It’s something Holmes has learned from his long tenure in the Rams front office. The Rams almost never valued LB before Day 3. Holmes surrounded himself with people whose history tells the same story. Special assistant John Dorsey took one off-ball LB before Day 3 exactly once in six drafts. From the research into their draft tendencies when Holmes and the front office were brought in,

In the time Holmes was the director of collegiate scouting, they took exactly one non-EDGE linebacker in the first 120 picks. That was in the first draft of that era when the Rams tabbed Alec Ogletree at No. 30 overall. After that, the organization did not value the off-ball LB above taking Samson Ebukam (who is as much an EDGE as an off-ball guy) in the fourth round in 2017. Guys like Bryce Hager, Micah Kiser, Josh Forrest, all later Day 3 draft picks, are the manifestation of how the Holmes-era Rams valued the off-ball backer.

It is the same with Dorsey, who was the GM of the Kansas City Chiefs and Cleveland Browns before joining the Lions,

Dorsey’s drafts showed a similar pattern. In his first draft in Kansas City, he picked Nico Johnson in the fourth round, No. 99 overall in 2013. He didn’t take another off-ball LB before the fourth round until his final draft in Cleveland in 2019, Sione Takitaki in the third.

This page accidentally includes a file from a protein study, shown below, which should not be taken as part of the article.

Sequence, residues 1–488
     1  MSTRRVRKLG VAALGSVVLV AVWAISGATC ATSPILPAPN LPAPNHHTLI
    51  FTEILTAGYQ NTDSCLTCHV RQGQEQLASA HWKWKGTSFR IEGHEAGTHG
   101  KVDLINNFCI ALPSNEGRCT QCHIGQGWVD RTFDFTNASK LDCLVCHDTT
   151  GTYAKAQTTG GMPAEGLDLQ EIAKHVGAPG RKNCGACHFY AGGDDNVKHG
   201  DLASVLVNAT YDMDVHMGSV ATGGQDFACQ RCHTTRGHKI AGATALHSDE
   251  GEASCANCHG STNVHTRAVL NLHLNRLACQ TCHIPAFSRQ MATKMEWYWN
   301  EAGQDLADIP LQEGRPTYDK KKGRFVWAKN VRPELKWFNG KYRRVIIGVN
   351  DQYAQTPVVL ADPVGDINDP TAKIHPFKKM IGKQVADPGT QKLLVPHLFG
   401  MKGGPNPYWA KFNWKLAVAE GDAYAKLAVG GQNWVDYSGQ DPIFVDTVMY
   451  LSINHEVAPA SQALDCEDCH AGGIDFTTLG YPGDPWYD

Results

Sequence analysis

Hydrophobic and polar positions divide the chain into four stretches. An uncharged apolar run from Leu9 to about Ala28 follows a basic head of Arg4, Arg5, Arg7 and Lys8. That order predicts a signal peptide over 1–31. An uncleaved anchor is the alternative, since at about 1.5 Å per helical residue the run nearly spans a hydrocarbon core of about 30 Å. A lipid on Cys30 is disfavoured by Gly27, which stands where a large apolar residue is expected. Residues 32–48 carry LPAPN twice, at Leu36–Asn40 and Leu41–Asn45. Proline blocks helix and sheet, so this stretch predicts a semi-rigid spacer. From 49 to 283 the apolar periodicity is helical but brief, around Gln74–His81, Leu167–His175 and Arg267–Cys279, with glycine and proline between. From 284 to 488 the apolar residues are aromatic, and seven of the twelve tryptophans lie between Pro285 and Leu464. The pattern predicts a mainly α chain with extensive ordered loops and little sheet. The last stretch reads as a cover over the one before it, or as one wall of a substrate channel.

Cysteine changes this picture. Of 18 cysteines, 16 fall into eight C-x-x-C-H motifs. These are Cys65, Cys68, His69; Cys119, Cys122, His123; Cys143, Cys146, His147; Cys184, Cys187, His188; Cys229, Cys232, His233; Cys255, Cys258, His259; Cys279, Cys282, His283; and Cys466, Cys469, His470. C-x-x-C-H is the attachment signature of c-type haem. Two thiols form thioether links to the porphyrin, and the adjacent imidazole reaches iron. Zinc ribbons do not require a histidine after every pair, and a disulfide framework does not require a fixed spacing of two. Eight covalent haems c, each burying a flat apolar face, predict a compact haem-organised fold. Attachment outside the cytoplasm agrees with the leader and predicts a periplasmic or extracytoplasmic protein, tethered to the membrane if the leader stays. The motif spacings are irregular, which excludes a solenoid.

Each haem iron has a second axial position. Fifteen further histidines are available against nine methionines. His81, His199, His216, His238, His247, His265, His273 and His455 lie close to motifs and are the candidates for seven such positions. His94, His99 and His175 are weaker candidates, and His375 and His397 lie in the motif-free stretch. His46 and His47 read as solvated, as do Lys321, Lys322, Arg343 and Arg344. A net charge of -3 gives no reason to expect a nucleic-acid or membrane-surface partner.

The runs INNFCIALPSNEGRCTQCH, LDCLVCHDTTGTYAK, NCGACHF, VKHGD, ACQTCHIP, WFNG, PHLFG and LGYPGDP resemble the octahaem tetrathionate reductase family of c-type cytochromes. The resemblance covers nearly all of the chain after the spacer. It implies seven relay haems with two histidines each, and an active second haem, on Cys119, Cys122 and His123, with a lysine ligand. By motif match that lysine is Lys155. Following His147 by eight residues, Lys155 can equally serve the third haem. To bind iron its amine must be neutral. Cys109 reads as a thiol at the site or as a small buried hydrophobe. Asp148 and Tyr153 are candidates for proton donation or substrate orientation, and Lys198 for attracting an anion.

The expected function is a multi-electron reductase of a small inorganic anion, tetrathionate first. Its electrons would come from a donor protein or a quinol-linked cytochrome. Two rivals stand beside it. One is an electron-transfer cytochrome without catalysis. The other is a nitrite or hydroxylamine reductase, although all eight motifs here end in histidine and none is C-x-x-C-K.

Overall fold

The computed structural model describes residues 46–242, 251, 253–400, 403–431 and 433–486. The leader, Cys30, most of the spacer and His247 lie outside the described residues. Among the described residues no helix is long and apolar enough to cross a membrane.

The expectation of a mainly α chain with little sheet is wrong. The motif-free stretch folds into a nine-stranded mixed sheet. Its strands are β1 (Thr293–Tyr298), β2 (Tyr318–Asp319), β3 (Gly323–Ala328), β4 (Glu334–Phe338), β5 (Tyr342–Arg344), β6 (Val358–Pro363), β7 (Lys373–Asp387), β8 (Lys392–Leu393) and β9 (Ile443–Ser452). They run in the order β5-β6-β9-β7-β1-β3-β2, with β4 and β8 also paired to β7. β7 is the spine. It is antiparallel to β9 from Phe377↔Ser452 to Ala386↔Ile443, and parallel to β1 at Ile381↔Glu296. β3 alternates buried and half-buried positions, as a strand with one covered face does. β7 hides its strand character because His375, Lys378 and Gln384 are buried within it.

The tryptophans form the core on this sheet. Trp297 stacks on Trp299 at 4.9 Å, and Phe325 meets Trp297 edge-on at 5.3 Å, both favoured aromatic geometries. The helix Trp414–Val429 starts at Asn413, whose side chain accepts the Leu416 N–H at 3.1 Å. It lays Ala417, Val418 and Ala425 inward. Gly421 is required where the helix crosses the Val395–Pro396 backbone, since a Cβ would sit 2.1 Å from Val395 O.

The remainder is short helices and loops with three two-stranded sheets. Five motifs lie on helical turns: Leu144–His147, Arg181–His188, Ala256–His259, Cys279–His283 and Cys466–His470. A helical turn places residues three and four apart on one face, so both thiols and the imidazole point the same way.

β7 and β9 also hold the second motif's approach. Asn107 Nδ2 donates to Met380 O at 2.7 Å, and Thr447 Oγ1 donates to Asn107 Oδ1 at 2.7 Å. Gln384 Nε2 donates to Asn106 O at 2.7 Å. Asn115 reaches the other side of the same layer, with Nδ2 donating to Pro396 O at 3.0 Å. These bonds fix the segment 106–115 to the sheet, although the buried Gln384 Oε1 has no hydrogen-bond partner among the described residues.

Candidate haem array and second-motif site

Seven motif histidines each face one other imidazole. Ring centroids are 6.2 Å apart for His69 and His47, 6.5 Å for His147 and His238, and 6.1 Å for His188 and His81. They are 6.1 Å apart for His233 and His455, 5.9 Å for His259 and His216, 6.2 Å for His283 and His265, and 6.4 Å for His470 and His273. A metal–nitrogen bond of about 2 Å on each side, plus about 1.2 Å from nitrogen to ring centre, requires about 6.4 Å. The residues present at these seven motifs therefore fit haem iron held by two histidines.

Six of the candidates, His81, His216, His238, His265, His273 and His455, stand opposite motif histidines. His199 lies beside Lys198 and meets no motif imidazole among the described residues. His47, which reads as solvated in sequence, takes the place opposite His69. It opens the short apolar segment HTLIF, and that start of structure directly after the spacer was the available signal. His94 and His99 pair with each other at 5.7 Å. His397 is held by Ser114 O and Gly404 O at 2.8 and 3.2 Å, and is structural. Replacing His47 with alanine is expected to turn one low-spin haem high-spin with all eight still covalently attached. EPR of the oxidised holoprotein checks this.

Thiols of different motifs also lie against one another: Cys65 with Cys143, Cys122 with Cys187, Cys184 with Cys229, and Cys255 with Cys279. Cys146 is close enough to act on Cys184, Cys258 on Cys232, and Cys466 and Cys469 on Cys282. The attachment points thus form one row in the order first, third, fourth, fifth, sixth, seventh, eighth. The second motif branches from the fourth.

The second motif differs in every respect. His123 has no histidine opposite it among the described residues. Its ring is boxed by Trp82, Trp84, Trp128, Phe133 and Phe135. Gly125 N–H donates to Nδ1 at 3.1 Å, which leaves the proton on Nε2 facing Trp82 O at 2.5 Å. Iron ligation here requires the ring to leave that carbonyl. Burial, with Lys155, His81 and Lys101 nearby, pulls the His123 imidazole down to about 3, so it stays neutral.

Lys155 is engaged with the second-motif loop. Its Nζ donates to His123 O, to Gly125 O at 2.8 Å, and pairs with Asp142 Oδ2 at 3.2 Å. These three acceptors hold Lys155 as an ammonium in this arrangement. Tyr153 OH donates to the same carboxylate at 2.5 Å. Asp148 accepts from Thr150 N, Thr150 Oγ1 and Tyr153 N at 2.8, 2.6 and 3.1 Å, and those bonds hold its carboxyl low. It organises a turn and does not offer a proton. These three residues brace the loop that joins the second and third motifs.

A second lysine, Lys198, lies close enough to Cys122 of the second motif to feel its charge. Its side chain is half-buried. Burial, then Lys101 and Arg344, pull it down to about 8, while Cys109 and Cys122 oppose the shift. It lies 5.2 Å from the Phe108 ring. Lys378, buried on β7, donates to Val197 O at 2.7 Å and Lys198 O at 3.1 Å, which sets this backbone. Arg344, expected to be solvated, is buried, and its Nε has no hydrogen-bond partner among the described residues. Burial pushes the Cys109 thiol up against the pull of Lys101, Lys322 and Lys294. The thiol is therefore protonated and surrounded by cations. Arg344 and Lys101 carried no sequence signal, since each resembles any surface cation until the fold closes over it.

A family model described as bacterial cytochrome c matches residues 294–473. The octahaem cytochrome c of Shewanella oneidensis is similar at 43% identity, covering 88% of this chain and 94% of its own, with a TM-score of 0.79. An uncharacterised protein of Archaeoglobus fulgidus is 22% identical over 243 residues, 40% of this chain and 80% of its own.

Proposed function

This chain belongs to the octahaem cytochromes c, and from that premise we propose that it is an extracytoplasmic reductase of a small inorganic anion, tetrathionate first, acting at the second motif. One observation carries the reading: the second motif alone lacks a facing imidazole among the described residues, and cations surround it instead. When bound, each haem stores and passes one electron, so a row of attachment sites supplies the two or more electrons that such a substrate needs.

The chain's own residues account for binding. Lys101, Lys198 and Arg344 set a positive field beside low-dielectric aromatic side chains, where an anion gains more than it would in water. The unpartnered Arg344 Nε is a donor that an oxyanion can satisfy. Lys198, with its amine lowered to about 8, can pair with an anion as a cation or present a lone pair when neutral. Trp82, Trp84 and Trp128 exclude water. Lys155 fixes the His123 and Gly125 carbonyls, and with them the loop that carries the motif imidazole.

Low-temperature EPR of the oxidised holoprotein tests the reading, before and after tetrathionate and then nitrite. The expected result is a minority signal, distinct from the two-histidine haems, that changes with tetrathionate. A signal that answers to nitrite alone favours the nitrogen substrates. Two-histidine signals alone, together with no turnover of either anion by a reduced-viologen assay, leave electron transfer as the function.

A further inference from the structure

Believe what Holmes and Agnew said about not valuing linebackers early in the draft. It’s the cloth from which they’re cut, and it’s the same cloth woven around head coach Dan Campbell from his Saints and Dolphins days. Do not expect them to change their core value seams.

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Browns defense setup to invite opponents to run the ball

They would never say it out loud but their actions seem to invite opponents to run the ball. Can it work?

With the focus of the entire NFL on the offensive side of the football, especially the passing game, it is not surprising offense has been the discussion around the Cleveland Browns this offseason. Fans and media have some concerns about QB Jacoby Brissett leading the way for 11 games while waiting for Deshaun Watson to return.

Even if Brissett plays well, WR Amari Cooper is the team’s lone known commodity that he will be throwing to outside of the running back group.

It is the other side of the ball that deserves some attention. While the passing defense should be elite again, with a great secondary, a fast group of linebackers and top-level pass rushers, the run defense could be suspect.

While there are concerns at wide receiver, the defensive tackle position could be the most suspect position on the team. There is no equivalent to Cooper there. The best player at the position might be when one of the defensive ends slides inside.

Taven Bryan was brought in on a one-year deal after failing as a first-round pick in Jacksonville. Jordan Elliott is expected to start next to Bryan but his first two seasons have shown minimal consistency.

As a rookie Tommy Togiai barely played and Perrion Winfrey fell to the fourth round and was overmatched in the preseason.